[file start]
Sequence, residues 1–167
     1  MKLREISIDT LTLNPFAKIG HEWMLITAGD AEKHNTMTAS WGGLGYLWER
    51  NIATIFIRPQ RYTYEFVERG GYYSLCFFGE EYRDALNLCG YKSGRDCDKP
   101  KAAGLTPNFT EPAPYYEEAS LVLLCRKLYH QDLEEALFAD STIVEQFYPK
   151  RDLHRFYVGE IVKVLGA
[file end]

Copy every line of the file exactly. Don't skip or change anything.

Sequence, residues 1–167
     1  MKLREISIDT LTLNPFAKIG HEWMLITAGD AEKHNTMTAS WGGLGYLWER
    51  NIATIFIRPQ RYTYEFVERG GYYSLCFFGE EYRDALNLCG YKSGRDCDKP
   101  KAAGLTPNFT EPAPYYEEAS LVLLCRKLYH QDLEEALFAD STIVEQFYPK
   151  RDLHRFYVGE IVKVLGA